In order to look at the relative importance of water and fungicide application to yield, regression analysis was performed with these factors. Fungicide application was coded as 1 if azoxystrobin was used and 0 if metalaxyl or no-fungicide was used. The linear and quadratic function of water (cm of irrigation plus rainfall during the growing season) was also used as a factor. Initially the linear, quadratic, and interaction terms were examined across all three years, using PROC RSREG (SAS) to identify the significant terms. Then regression analysis was used to develop the final equation with those terms that were significant with PROC RSREG. Factors were included that were significant at P ≤ 0.05.

The isolation frequency of pathogens (Rhizoctonia spp. and Pythium spp.) at 60 days after planting, as affected by IrrRate and presence of Pythium spp. or Rhizoctonia spp. was determined using PROC MIXED (SAS). The data for the analysis consisted of each pod separately, and positive for either Pythium spp., Rhizoctonia spp., or neither. In none of the samples were both organisms isolated from the same lesion. The model statement included IrrRate and fungal type (i.e. the incidence of Pythium spp. isolation and of Rhizoctonia spp. isolation), and their interaction with the chi-square option used to determine significance at P = 0.05. The Satterthwaite method was used to calculate degrees of freedom and the PDIFF option was used to determine differences between treatments at P = 0.05. At harvest, a similar analysis was conducted, except fungicide treatment (TRT) was also included in the model statement as a main effect, and with 2-way and 3-way interactions. The random states for both analyses were similar to that done for yield, and initially included year as a factor. However, as was found with the previous analyses, the REP × IrrRate (year) was significant, so each year was analyzed separately.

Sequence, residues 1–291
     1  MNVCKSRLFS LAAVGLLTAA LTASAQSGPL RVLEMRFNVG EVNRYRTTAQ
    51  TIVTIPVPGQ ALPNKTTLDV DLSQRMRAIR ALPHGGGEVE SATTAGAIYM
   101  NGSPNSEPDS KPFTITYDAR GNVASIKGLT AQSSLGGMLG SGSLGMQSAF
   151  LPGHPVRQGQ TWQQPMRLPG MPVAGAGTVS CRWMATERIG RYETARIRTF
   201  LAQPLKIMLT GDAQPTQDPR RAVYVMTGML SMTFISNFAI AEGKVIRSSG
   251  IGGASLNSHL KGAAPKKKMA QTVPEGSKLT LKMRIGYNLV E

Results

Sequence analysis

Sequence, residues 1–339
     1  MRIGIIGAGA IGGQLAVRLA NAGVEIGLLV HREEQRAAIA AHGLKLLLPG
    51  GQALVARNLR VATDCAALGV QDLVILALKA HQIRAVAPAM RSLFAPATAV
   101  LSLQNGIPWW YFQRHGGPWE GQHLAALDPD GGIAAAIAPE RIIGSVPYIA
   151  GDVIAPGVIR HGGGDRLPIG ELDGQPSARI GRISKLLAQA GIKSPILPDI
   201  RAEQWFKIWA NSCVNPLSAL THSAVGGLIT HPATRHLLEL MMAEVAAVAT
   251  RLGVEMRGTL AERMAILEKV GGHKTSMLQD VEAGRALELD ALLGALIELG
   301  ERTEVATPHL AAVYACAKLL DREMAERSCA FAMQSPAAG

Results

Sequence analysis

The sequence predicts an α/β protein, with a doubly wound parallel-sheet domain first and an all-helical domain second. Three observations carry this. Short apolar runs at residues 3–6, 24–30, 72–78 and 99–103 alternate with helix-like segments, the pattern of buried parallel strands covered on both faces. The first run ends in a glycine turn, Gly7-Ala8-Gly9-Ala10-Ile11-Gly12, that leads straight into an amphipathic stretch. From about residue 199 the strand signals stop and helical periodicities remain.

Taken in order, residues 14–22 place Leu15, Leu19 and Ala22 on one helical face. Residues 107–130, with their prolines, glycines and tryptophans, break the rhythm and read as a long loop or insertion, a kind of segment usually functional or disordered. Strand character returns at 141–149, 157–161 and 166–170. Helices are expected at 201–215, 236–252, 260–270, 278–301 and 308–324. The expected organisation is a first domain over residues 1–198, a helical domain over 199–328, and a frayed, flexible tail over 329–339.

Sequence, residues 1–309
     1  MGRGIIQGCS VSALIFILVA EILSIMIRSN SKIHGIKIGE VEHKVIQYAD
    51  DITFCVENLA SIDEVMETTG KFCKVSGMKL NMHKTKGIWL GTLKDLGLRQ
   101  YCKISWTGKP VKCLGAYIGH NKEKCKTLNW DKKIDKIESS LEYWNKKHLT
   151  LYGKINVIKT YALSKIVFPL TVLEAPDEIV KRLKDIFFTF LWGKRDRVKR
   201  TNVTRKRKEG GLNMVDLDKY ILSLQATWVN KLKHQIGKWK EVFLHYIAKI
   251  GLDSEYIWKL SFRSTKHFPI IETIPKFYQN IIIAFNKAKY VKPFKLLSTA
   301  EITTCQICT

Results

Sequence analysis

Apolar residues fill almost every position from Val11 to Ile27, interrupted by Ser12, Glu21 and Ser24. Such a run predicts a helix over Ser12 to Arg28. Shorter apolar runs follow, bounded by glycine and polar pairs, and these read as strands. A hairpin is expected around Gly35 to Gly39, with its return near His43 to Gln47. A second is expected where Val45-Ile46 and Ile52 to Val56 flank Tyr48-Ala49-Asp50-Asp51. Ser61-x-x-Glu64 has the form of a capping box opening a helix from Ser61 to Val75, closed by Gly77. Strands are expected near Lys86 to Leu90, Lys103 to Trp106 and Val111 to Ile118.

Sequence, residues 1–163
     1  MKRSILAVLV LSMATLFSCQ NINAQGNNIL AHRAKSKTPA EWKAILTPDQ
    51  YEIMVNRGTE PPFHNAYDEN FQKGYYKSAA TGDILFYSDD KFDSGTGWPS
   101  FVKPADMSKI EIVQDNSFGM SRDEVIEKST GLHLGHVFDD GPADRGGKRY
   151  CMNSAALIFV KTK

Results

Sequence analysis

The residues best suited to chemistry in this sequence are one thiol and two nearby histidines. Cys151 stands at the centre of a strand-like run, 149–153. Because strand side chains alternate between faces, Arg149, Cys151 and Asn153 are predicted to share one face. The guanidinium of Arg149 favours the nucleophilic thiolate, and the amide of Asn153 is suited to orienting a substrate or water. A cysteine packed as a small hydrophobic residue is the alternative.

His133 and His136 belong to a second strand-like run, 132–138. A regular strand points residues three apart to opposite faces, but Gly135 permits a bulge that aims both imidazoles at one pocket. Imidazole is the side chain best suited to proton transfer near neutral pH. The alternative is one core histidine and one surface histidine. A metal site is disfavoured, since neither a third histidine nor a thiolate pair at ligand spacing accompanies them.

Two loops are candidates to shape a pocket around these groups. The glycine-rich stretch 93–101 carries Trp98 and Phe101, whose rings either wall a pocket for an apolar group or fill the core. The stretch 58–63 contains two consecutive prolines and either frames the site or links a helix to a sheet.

Results and Discussion

Mean air temperature in 2002 was ca. 26 °C during June, July, and August, and then became unseasonably warm in September with mean ca. 28 °C (Fig. 2A). Warm temperatures were coupled with low levels of rainfall (Fig. 2B) during all months of the growing season. In 2003, air temperature was highest during July and August, as is typical in this region and very cool during September (Fig. 2A). Rainfall was low during July through August 2003, when plant water demands were highest. In 2004, air temperature was unusually cool during August and rainfall was unusually high during September (Fig. 2A,B).

Fig. 2
Fig. 2

Average air temperature (A) and rainfall (B) for 2002–2004 collected with a weather station at the test site. The long term average for air temperature and rainfall are also included in the Figure (obtained from the National Climate Data Center, NOAA).